About fifteen years ago, whilst out browsing, I found a beautiful silver and enamelled bracelet in a small dusty shop of exotic antiquities in Brussels. I was told the bracelet was 19th century and came from Uzbekistan. I loved the Turquoise glass paint so reminiscent of the tiles of the magnificent mosques of central Asia, and the skilled craftsmanship.
A few years later, I was thinking hard about finding a new workshop to produce with and thought the enamel work of Uzbekistan might be a wonderful area to explore. It felt ancient yet fresh and the palates of old glass enamel presented an exciting opportunity and to work in silver. It was also a wonderful reason to spend time in Uzbekistan and learn more about it. So I set off on a journey to discover the artisans who worked in silver and enamel.
I arrived with my bracelet in Tashkent and felt immediately a sense of space and vast skies, the curious Soviet and central Asian mix of architecture and the delightful taxi system, which was to stick your arm out and any passing car might stop, and for a few coins give you a lift.
So I began a wonderful adventure traveling alone across this vast and fascinating country, traveling by bus, train and taxi. I journeyed from Tashkent to Smarkand meeting craftsmen, Ikat weavers, ceramicists, and silversmiths – but no one recognised the enamel work as being from there.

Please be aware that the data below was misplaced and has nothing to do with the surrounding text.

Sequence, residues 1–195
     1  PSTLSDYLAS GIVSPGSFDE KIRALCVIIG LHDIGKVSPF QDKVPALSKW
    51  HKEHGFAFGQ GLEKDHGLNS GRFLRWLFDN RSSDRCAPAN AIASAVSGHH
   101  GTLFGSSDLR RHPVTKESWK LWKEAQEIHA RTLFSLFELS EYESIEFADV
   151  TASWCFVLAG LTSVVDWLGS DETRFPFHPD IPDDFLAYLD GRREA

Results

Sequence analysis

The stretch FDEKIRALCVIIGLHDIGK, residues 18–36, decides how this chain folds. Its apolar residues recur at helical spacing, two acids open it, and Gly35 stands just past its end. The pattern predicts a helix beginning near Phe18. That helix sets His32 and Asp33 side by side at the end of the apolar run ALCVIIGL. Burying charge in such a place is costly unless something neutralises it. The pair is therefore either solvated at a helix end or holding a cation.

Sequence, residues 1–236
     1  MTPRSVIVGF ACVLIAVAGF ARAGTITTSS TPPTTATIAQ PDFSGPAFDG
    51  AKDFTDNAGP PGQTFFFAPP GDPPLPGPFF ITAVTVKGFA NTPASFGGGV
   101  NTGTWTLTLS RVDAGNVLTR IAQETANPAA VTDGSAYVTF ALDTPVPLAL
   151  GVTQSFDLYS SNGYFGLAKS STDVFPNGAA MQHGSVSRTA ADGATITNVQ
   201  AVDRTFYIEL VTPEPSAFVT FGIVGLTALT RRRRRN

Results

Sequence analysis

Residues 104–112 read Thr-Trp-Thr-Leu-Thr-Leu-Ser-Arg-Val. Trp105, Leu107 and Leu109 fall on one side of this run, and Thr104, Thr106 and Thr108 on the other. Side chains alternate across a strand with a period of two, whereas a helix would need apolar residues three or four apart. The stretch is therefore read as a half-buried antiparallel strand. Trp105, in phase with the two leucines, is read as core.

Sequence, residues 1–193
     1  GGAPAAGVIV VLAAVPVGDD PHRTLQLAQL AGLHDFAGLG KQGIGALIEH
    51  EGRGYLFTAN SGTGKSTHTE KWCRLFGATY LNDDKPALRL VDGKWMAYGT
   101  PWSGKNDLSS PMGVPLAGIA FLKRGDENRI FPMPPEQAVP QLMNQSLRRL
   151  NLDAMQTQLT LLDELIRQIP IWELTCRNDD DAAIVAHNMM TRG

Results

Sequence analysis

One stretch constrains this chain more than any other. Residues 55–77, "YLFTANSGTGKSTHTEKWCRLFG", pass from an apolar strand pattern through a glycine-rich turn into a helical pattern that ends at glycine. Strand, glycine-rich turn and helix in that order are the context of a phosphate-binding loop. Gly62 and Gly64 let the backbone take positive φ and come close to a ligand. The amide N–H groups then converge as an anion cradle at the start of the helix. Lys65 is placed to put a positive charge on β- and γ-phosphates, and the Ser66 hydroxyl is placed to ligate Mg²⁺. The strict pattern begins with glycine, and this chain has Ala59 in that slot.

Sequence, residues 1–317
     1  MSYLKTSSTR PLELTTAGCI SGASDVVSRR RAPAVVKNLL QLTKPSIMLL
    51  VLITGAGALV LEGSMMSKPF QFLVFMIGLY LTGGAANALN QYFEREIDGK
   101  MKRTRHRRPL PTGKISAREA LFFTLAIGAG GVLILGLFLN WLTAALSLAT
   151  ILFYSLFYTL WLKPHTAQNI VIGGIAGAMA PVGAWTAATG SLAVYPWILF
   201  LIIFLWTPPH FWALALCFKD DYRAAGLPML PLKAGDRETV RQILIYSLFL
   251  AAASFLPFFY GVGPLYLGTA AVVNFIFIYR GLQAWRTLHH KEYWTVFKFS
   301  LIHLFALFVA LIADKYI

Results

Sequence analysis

They suggested Bukhara, so off I went – leaving with my eyes still stained a rich heavenly blue from all the tile gazing I had done in Samarkand. Bukhara was quieter and beautiful, eating fruit under a tree in the shade or chatting with local craftsman, drinking hot green tea from small glass cups in the outdoor cafes that are in every square.
I would pull out my bracelet and there was much discussion. I learnt the enamel work was not from Bukhara but maybe Khiva in the north west. But there I was told that the piece was Russian! Sadly I discovered that, although Uzbekistan was beautiful and the people wonderful, it was very difficult to set up a small business with the artisans there due to tricky export laws.